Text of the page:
That’s why when a popular public page on the Russian social network VKontakte posted a joke about her death — a picture of Friske captioned “I have never been to a grave before, not till tonight” — offended fans launched a petition on the Change.org website in June, demanding that the General Prosecutor’s Office punish the jokers.

“Lacking any moral principles, the admins of the page published a post, ‘joking’ about the death of the prominent singer Zhanna Friske,” the petition said. “I ask [the petition’s addressee] to take measures outlined in administrative or criminal [codes],” it added.

The petition gathered almost 15,000 more signatures than one demanding to introduce a law on domestic violence — which had only 144,473 signatures by the time of publication.

Free U.S. Sex Offender

65,822 signatures by the time of publication

The sentencing of Jennifer Fichter, an American teacher, to 22 years in prison for having sex with multiple teenage students has sparked outrage among Russians who believe the 30-year-old woman had “done nothing wrong” by pursuing the amorous affairs.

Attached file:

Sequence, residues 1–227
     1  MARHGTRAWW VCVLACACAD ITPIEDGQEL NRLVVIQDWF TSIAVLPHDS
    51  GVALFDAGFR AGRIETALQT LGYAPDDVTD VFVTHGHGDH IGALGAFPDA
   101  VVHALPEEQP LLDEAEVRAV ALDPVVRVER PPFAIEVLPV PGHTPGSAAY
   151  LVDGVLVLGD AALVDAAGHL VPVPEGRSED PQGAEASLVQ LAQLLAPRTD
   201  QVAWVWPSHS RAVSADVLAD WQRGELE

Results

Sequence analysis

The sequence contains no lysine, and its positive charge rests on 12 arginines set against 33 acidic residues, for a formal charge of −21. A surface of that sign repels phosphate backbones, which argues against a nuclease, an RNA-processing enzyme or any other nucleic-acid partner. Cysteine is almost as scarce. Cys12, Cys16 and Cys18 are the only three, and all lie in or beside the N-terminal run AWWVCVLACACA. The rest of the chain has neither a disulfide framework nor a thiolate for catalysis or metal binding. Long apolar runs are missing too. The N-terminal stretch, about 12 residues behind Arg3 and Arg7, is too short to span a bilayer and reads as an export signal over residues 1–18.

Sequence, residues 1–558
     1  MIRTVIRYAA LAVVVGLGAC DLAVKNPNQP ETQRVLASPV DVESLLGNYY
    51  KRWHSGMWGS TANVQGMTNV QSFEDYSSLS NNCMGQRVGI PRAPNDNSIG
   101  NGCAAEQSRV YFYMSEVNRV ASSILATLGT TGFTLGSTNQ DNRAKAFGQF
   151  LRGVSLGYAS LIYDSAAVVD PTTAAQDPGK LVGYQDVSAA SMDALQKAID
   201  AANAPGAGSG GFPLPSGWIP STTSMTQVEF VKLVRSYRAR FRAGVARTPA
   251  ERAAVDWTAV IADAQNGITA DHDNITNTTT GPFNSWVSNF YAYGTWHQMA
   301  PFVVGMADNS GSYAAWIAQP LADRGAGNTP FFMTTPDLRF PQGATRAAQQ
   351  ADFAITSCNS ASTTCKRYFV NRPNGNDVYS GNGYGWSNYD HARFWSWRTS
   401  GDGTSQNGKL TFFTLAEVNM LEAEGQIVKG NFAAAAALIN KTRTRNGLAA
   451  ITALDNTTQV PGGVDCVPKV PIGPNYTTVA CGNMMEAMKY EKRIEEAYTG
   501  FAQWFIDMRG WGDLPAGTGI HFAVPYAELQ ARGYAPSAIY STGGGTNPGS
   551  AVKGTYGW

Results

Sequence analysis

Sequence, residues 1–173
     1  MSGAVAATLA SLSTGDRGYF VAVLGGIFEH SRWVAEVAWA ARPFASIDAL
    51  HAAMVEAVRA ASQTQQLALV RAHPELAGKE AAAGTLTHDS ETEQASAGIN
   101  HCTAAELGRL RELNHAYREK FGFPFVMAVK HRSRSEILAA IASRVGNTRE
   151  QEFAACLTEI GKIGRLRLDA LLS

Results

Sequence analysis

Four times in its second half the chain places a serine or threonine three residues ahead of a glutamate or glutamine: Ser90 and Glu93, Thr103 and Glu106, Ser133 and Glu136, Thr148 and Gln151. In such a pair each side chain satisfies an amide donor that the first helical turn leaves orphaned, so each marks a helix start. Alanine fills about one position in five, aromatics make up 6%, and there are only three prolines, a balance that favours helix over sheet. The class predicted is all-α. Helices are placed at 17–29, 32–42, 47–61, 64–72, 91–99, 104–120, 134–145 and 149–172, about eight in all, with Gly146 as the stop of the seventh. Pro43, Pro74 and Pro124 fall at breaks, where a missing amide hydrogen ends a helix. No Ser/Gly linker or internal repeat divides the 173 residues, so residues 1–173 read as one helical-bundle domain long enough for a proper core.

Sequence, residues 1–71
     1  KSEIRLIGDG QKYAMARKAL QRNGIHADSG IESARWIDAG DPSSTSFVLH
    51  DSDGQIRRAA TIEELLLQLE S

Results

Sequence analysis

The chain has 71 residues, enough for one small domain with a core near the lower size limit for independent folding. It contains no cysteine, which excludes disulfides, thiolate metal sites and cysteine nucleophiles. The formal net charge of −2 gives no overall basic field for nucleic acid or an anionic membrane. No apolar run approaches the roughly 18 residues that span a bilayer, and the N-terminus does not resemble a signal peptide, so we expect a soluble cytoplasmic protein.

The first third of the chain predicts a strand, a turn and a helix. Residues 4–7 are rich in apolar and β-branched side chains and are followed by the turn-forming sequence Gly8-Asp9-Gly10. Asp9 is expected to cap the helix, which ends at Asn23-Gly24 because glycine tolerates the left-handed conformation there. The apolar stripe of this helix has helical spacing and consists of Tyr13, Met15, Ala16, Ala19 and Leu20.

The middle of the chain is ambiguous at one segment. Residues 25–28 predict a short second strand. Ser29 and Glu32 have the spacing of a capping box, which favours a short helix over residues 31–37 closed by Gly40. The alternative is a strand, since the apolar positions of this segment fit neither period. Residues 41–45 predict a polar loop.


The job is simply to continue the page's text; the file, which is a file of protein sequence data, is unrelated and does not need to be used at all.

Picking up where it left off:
Shortly after Jennifer Fichter’s sentence for bedding three of her 17-year-old students was handed down by a Florida court in early July, Russian sympathizers started an online petition demanding to set the woman free and “stop the legal tyranny” of the U.S.

It quickly went viral among Russian social media users, both among champions of “traditional values” and those who just two months before were appalled when a 46-year-old top-ranking policeman in Russia’s republic of Chechnya officially took a 17-year-old as his second bride. In the photos of the wedding that surfaced in the press the girl looked unhappy and sad, which led the society to believe she was forced to marry the man, who, media outlets said, hadn’t divorced his first wife by the time of the wedding.